Woolly mammoth fossils uncovered on North Carolina beach
CAROLINA BEACH, NC (WWAY) — The ocean washes up a lot of things like seashells, sharks teeth, sand dollars, and more. In Carolina Beach, one woman says she recently found multiple fossils from a woolly mammoth that are likely thousands of years old.
Becky Wood spends most mornings on the beach combing through the sand for fossils and shells.
“One morning I saw this in the edge of water and I thought it was fossilized wood,” Wood said.
She went home that day and posted a photo of her findings online. Shortly after, she discovered it was something far more interesting than old wood.
“They told me it was part of a mammoth tooth,” Wood said.
A woolly mammoth was a large, hairy animal with long tusks that roamed during the Ice Age.
While it’s hard to say exactly how old the fossils are, experts like Patti Mason say they are likely more than 10,000 years-old.
“Mammoths disappeared from the east coast quite a bit before the west coast,” Mason wrote to WWAY. “Some evidence indicates Mammoths were around Alaska as little as 7,600 years ago, and only 2-3,000 on the Wrangall islands.”
“I thought it was pretty awesome that we can find fossils from the Ice Age out here,” Wood said.
By examining the photos, Mason with UNCW’s Department of Earth and Ocean Sciences confirms the findings and believes the fossils were probably swept onto our coast by recent storms.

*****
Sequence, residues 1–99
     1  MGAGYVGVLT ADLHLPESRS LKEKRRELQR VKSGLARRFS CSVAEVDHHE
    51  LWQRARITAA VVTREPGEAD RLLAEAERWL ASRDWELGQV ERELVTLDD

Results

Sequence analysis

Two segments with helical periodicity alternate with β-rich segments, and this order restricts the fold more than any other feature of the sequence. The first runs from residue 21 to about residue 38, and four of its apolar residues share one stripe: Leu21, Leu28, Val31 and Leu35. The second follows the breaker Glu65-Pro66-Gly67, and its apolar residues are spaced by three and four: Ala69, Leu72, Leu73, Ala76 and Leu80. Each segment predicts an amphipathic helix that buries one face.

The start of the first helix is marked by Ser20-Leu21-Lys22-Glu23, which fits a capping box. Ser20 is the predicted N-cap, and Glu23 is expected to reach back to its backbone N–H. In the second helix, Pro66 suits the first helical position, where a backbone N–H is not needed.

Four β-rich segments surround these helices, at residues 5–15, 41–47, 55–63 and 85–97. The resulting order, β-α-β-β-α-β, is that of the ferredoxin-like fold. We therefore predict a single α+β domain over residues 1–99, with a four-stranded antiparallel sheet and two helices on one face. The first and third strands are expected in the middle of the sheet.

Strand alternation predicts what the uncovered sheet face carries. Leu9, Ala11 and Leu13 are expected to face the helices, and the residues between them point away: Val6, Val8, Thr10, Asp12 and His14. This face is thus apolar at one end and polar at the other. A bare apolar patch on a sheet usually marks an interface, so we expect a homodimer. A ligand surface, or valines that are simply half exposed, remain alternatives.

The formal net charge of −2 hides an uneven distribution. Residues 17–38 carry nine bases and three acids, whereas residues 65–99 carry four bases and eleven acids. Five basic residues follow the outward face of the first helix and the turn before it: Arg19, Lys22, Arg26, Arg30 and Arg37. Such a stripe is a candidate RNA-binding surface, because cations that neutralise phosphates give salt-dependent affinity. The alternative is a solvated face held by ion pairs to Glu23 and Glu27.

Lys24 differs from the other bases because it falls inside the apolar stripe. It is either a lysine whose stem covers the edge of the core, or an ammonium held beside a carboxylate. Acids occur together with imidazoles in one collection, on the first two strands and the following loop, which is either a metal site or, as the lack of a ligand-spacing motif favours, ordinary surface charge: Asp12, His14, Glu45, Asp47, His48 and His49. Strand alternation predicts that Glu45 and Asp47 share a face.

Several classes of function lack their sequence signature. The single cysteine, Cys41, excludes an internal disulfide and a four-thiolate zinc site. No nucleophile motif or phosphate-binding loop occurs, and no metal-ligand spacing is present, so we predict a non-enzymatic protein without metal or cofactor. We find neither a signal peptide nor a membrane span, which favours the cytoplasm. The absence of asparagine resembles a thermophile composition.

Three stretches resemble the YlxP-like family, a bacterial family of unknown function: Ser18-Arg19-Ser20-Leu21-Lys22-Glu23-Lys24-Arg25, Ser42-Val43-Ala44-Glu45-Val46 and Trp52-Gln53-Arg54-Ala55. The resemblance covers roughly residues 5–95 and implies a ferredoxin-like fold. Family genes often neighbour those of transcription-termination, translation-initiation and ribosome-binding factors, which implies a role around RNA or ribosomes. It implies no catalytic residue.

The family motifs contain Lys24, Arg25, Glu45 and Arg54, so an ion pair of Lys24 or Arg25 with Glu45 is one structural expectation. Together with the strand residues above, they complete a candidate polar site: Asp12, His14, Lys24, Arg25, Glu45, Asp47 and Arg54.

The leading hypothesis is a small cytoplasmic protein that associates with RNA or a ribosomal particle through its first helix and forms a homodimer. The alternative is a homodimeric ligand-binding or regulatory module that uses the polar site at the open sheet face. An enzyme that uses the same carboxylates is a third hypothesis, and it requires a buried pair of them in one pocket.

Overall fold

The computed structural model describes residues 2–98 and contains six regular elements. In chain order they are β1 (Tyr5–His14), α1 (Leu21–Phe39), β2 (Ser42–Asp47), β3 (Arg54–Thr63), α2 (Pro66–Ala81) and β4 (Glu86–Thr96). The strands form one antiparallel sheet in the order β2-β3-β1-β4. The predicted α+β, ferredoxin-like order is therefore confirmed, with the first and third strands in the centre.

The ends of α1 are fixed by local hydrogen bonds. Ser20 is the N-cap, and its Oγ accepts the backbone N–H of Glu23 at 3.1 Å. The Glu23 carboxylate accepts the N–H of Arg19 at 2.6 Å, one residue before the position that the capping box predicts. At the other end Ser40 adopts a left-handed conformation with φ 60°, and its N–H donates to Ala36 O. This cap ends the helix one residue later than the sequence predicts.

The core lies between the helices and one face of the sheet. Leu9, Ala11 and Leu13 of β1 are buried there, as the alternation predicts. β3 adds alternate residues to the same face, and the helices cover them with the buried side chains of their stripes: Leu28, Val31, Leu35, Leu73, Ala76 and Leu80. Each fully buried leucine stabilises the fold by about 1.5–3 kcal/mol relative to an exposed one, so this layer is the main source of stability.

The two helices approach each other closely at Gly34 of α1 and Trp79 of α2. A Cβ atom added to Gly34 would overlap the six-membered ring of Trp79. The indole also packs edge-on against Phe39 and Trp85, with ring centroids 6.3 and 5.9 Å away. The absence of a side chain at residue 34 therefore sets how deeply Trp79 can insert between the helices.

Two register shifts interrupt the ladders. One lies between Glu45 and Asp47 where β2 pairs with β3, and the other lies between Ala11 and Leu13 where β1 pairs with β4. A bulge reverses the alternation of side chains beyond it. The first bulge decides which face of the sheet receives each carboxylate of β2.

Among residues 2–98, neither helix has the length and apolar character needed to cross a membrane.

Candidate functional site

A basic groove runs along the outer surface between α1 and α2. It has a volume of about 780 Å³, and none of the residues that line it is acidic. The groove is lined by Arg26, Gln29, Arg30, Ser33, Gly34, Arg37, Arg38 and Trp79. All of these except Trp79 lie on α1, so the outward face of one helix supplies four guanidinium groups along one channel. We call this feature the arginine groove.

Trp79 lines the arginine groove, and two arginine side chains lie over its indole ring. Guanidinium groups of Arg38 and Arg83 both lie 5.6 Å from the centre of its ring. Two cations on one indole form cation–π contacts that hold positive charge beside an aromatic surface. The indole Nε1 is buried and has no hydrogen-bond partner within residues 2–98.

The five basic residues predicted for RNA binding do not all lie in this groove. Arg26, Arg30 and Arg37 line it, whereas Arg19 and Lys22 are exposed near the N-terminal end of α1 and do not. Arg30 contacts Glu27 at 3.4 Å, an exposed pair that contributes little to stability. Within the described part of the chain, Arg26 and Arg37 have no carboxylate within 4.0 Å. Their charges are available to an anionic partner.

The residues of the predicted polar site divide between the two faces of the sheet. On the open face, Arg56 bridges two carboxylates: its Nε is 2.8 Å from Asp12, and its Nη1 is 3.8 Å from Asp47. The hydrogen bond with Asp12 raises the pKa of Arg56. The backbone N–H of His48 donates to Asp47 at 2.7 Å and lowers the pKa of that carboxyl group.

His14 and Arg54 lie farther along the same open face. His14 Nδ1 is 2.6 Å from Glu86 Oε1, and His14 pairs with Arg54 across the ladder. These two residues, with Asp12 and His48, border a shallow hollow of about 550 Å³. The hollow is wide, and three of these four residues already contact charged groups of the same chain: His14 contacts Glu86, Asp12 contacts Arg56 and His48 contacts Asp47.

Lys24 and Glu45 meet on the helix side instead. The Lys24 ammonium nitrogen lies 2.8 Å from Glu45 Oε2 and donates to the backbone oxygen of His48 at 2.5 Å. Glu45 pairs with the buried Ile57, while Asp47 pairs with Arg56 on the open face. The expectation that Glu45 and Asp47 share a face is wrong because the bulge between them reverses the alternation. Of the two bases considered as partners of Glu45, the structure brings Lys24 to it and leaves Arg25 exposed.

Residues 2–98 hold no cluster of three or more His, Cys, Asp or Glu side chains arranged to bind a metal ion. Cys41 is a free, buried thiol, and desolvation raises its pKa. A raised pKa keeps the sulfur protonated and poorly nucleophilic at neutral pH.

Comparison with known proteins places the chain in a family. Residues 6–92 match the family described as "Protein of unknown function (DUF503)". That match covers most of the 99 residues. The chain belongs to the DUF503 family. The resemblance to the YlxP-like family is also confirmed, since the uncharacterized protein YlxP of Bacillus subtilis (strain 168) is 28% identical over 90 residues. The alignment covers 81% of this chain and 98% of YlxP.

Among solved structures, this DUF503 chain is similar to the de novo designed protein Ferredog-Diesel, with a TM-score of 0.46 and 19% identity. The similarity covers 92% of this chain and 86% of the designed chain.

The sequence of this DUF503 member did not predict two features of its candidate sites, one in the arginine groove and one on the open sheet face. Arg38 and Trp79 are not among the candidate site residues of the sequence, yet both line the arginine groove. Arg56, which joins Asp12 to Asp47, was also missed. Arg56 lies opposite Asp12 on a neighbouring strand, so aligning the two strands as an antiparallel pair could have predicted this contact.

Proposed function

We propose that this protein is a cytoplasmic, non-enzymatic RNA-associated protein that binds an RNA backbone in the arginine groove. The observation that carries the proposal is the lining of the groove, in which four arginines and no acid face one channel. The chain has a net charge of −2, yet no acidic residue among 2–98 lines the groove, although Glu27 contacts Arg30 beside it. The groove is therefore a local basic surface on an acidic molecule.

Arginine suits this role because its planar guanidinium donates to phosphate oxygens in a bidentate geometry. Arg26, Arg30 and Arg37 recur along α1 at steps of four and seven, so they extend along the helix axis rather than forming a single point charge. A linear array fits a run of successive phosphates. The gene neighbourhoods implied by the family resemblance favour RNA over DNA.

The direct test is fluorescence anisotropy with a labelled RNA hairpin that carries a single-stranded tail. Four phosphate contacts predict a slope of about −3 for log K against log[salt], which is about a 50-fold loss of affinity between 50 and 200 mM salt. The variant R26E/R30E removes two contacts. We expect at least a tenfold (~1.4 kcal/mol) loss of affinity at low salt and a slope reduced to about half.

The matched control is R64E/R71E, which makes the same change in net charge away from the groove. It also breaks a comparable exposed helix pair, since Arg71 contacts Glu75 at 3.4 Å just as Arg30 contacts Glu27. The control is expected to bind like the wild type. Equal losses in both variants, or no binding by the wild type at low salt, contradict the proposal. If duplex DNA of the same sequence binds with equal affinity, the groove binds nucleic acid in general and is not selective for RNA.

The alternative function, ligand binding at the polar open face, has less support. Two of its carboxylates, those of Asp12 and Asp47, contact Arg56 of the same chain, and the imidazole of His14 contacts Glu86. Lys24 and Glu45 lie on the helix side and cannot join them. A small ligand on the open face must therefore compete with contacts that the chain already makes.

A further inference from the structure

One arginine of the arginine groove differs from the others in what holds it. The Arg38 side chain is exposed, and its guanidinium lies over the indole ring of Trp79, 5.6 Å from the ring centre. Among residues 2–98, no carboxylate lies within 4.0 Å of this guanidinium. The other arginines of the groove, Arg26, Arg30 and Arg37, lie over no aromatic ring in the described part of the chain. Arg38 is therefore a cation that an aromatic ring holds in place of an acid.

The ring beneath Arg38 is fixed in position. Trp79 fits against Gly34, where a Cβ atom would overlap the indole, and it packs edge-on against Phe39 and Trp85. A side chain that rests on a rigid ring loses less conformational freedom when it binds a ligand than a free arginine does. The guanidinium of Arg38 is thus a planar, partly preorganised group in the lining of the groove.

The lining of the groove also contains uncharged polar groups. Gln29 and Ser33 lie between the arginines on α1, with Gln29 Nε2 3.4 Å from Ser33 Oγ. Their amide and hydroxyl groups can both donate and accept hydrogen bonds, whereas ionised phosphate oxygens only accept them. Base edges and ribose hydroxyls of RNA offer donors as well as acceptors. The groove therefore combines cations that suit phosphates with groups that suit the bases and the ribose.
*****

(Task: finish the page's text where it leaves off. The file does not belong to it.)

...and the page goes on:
Over the last several months Wood has found even more pieces of the mammoth(s).
The ocean has also washed up teeth from a unique breed of extinct horses that likely that Mason says date back to more than one hundred thousand years ago.
“The time frame for these species of Equus here in NC/SC are recorded from early to middle Pleistocene formations such as the Penholoway, Ladson and Ten Mile Hill Beds … 75,000 to maybe 130,000 years ago,” Mason wrote.
Researchers say while it’s not unheard of, it’s not very common to see these horse fossils surface in North Carolina.
“Historically, fossil horse teeth have been unearthed here along the east coast, often identified to species within South Carolina and not so much in North Carolina,” Mason wrote.
“You’ll never know what you’ll find,” Wood said.
Check out the North Carolina Fossil Fair at the Cape Fear Museum this weekend. You may also be interested in checking out these other stories of unique fossils that have washed up on North Carolina beaches:
- Giant Shark teeth wash up on Topsail Island
- Hundreds of unique sea shells wash up at the beach, after Dorian leaves
- Hidden Gem: Sharks Tooth Island on Cape Fear River